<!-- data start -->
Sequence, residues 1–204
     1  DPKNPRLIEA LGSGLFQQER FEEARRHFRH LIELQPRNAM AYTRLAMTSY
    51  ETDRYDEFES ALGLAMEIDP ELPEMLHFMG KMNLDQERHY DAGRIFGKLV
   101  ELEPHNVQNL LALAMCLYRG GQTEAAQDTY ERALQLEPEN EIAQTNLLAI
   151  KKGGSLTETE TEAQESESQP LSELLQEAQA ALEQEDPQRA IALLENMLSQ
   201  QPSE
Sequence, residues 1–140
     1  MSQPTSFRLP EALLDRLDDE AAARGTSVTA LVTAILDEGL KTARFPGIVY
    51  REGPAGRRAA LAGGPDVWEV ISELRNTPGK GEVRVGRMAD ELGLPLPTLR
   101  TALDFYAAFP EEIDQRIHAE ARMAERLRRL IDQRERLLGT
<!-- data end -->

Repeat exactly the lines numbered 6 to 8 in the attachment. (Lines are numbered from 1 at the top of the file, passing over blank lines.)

   201  QPSE
Sequence, residues 1–140
     1  MSQPTSFRLP EALLDRLDDE AAARGTSVTA LVTAILDEGL KTARFPGIVY